(Lesniewski)

This is a weird back and forth; as near as anyone can tell, the Obama administration is operating in the Levantine Theatre under the auspices of the same post-9/11 AUMF that saw President Bush invade Iraq. We are, essentially, living in the time of perpetual warfare authorized fourteen years ago.

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The Latest Congressional Accomplishment (Take Five)

House Majority Leader Kevin McCarthy of Calif., pauses as he speaks about foreign policy during the John Hay Initiative, Monday, Sept. 28,2015, at a hotel in Washington. (AP Photo/Jacquelyn Martin)

Good news, everybody!

Or, well, you know. It’s Congress.

The House on Friday passed by voice vote a five-day continuing resolution to fund the government through Dec. 16, securing a little more time for congressional leaders and appropriators to finish negotiating an omnibus spending measure.

President Barack Obama is expected to sign the five-day CR, which the Senate passed on Thursday.

(McPherson and Hallerman)

There are a couple of things here. To the one, Majority Leader Kevin McCarthy (R-CA23) called off weekend work because of the new CR, which is intended to give the Appropriations Committee more time to finish an omnibus bill; Chairman Hal Rogers (R-KY05) is aiming for 14 December, with the House returning to session the next day. What could possibly go wrong?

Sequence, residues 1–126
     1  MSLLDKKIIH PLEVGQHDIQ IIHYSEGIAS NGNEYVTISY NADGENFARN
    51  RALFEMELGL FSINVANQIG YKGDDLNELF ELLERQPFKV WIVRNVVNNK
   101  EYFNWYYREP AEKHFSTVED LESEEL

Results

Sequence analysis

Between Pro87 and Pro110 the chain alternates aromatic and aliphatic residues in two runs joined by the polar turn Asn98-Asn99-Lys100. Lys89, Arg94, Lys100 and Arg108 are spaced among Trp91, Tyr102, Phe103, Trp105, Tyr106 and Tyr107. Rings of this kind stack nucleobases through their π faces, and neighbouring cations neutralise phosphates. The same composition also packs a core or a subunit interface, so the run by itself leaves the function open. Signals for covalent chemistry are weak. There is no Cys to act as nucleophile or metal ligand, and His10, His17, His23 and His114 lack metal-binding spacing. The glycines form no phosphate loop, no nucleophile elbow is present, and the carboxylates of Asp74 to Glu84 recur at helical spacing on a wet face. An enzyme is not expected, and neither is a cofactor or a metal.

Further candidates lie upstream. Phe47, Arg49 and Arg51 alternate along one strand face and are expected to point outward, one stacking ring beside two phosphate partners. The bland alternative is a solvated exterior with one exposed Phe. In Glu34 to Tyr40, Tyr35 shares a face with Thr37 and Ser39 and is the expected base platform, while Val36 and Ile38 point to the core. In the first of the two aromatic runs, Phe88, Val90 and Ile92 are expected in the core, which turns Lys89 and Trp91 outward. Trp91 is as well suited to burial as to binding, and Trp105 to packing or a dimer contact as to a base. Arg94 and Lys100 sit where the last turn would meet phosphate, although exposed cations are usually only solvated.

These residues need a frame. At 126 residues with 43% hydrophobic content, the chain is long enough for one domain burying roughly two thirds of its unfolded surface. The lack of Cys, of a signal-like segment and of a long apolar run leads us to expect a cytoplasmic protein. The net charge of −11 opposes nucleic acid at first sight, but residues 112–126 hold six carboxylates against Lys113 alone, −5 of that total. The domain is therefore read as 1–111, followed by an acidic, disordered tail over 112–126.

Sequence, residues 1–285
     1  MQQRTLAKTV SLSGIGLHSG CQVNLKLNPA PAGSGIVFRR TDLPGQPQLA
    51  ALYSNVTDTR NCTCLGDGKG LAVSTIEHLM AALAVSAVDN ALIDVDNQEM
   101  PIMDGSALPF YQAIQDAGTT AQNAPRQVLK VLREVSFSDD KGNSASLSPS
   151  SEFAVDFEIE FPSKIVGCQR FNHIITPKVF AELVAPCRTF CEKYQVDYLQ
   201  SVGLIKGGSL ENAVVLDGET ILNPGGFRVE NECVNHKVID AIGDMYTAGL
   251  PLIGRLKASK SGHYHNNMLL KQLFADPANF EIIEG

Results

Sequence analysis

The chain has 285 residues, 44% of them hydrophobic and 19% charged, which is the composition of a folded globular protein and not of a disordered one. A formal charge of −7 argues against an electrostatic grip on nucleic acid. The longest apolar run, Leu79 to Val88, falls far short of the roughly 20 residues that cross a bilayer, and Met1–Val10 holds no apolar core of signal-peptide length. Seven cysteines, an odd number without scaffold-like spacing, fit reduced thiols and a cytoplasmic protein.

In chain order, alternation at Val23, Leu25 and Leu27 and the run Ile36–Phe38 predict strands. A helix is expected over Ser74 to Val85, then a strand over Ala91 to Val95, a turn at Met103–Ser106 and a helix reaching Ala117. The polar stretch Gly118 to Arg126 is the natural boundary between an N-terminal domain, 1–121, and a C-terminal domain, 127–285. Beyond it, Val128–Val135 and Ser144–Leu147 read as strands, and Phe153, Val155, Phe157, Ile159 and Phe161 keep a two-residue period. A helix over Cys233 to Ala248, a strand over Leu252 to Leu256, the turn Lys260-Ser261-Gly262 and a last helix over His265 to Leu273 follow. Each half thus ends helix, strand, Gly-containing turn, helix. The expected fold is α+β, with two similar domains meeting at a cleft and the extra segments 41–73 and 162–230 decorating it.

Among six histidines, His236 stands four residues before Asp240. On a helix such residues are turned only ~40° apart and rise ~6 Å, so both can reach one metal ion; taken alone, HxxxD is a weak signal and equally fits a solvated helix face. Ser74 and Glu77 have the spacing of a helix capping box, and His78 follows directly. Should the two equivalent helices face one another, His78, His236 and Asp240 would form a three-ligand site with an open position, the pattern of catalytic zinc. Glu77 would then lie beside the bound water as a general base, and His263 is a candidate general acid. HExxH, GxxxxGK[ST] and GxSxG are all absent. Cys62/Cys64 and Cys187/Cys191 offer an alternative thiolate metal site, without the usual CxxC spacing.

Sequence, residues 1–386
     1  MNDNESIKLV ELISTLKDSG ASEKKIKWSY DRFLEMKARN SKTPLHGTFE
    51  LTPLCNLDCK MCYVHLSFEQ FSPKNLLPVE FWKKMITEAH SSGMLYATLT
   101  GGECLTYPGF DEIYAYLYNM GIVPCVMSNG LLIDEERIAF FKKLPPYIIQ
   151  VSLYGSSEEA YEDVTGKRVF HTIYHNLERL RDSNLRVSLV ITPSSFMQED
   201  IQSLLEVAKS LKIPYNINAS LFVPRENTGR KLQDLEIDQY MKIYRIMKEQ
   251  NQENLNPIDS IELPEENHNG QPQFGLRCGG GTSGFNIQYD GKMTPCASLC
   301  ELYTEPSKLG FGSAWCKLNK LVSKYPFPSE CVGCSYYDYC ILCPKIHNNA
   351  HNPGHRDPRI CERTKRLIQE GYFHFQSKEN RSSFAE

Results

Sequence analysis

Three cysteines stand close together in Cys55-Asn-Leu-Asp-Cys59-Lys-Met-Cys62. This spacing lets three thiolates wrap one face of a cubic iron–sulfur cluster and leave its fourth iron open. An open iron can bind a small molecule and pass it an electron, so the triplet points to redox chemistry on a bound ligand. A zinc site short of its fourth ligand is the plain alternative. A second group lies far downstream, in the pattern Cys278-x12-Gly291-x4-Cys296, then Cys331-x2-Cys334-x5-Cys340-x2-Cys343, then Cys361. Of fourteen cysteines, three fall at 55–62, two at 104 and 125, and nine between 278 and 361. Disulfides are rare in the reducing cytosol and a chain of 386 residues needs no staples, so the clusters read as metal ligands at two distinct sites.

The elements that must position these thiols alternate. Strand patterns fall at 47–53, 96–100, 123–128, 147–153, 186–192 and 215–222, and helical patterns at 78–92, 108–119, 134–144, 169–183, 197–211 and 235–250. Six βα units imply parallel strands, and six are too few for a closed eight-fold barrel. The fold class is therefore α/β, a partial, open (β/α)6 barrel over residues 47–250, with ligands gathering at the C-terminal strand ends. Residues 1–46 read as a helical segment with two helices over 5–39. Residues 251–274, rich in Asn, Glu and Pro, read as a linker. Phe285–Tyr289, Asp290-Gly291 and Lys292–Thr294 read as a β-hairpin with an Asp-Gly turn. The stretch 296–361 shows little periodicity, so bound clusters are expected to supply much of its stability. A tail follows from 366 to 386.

To the other, this is Congress.

And this is a five day continuing resolution.

Yes, really. Five days.

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Image note: House Majority Leader Kevin McCarthy. (Detail of photo by Jacquelyn Martin/Associated Press)

McPherson, Lindsey and Tamar Hallerman. “House Passes Five-Day Extension of Government Funding”. 218. Roll Call. 11 December 2015.

The Ted Cruz Show (Tell Me You’re Joking)

Republican presidential candidate, Sen. Ted Cruz, R-Texas, gestures while addressing the Sunshine Summit in Orlando, Fla., Friday Nov. 13, 2015. (AP Photo/John Raoux)

“Now listen, I have been a conservative my entire life. I have never met anybody, any conservative who wants to ban contraceptives.”

Sen. Ted Cruz (R-TX)

It seems something of a dubious claim, but this is Ted Cruz, so there is, of course, a hitch.

First, though, ask yourself just how likely it is that anyone can be a career politician from Texas and never meet a fellow conservative who advocates Fertilization-Assigned Personhood, a.k.a., “Life at Conception”.

But here’s the hitch: While FAP would ban oral, intrauterine, and emergency contraception accessible to females, Mr. Cruz doesn’t see that as problematic.

“Last I checked, we don’t have a rubber shortage in America,” Cruz told a crowd in Bettendorf, Iowa, as CNN and other outlets reported. “When I was in college we had a machine in the bathroom; you put 50 cents in and voila!”